L’homme cruel: Update

24 07 2008

This brief text, posted here shortly after it was translated on 1/15, will appear, along with other selected texts by Roland Jaccard, in a 2009 issue of Absinthe: New European Writing, thanks to editor Dwayne Hayes, in a slightly altered form, thanks to a generous read by Barbara Harshav.  The author was kind enough to send me, in thanks, a copy of his latest book, a musing on Louise Brooks. I confess to not understanding the French fetish for Louise Brooks, which approaches their national love of Jerry Lewis, and remains less famous only because that silent actress hasn’t the household-name value of the comedian… perhaps this book will enlighten me.

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It’s Good to be in Newsarama

24 07 2008

A late April review of a book that came out last October, posted in late July by a guy who hasn’t blogged in two months.

But seeing the amount of talent that ISR hosts Charlito and Mister Phil were able to assemble for this 200+ page book makes me want to hear what they’re talking about on their show. The table of contents on this thing is a Who’s Who of my favorite independent creators: Josh Cotter, Robin and Lawrence Etherington, Renee French, Sam Hiti, Blair Kitchen, Matt Kindt, Andy Runton; Ben Towle. And those are just the guys I already liked before I picked the book up. There are many more who I like now that I didn’t know much about before. Folks like Chris Schweizer, Ted Wilson, J. Chris Campbell, Sarah Oleksyk, Keith Champagne, Dev Madan, Jamie Burton, Hanvey Hsiung, Gia-Bao Tran, Dave Roman, and Raina Telgemeier…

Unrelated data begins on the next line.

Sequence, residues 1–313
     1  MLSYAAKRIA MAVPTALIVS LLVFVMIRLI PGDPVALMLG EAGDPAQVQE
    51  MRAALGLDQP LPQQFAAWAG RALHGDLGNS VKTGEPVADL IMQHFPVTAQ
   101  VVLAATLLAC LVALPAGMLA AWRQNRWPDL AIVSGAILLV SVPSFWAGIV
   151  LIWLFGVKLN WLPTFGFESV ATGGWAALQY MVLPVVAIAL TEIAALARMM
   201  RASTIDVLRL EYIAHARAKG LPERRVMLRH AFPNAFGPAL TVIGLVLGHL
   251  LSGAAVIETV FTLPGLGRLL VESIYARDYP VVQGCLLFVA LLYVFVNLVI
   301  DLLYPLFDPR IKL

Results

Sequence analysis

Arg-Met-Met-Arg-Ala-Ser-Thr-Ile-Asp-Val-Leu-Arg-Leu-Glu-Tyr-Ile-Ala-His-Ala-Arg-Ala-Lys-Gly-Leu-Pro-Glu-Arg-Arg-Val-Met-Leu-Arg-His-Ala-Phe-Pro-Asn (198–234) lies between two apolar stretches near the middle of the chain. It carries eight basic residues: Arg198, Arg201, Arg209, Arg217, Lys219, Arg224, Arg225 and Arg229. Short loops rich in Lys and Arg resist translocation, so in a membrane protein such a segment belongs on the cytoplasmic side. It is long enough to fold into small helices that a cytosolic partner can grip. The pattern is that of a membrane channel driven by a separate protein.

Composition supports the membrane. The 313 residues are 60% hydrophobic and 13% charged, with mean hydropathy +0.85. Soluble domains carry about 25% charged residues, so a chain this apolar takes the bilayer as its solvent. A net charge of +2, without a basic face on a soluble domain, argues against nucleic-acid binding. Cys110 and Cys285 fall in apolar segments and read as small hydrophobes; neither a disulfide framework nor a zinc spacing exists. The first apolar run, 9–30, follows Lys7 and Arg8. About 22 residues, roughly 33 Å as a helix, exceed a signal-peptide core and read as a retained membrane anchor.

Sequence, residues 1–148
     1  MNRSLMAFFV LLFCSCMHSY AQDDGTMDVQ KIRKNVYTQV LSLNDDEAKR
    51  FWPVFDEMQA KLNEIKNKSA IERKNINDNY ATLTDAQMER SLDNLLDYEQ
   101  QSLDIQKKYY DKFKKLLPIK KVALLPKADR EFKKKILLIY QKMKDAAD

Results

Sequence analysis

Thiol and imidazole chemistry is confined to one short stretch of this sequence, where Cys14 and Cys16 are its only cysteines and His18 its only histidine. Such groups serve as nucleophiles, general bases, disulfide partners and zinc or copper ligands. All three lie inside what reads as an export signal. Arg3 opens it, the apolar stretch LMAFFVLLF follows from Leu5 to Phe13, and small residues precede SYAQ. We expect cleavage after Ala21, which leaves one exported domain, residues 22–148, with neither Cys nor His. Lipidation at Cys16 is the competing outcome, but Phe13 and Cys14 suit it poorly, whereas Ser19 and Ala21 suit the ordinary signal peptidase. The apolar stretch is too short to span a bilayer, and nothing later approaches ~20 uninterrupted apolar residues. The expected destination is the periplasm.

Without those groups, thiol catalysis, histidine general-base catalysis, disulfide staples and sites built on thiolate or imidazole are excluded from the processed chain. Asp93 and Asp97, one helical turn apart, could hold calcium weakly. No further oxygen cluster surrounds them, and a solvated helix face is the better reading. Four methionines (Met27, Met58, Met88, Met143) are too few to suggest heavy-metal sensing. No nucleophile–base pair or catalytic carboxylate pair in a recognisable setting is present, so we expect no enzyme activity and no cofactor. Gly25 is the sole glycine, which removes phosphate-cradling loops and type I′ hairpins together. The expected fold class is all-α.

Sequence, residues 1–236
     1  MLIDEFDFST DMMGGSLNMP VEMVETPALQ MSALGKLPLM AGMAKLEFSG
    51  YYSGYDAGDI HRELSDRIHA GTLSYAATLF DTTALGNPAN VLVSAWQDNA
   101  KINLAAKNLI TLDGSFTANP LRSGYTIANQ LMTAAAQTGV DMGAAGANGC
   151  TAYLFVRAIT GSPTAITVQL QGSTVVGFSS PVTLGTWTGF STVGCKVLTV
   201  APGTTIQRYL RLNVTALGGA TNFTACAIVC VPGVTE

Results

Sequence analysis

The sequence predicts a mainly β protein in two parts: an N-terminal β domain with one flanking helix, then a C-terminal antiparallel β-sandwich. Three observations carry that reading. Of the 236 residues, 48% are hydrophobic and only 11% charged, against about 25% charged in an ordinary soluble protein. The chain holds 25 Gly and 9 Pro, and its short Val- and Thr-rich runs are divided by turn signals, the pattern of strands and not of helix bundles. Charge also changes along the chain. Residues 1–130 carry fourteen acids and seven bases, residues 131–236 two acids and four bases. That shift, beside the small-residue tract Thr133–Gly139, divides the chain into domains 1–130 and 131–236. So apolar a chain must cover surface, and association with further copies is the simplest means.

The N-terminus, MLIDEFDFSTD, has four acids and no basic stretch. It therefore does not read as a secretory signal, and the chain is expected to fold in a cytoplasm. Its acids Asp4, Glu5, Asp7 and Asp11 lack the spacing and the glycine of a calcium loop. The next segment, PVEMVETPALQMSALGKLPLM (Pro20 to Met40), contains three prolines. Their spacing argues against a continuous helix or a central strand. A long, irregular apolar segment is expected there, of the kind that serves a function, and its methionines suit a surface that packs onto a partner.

Most of the work in this book got a positive reaction out of me though, even if it was just a feeling. Richard Tingley’s untitled story about a traveler who finds a dying badger in the woods, for example, doesn’t have much in the way of story, but it presents a beautiful, quiet, tender moment that I’m going to want to relive again. Similarly, Harvey Hsung and Gia-Bho Tran’s “We Are Not Alone” is difficult to follow, but does a beautiful job of creating a mood of tranquil wonder in its scenes of a still, urban night disturbed by an extraterrestrial visit.

Thank you, Chris Mautner Michael May! (apologies!)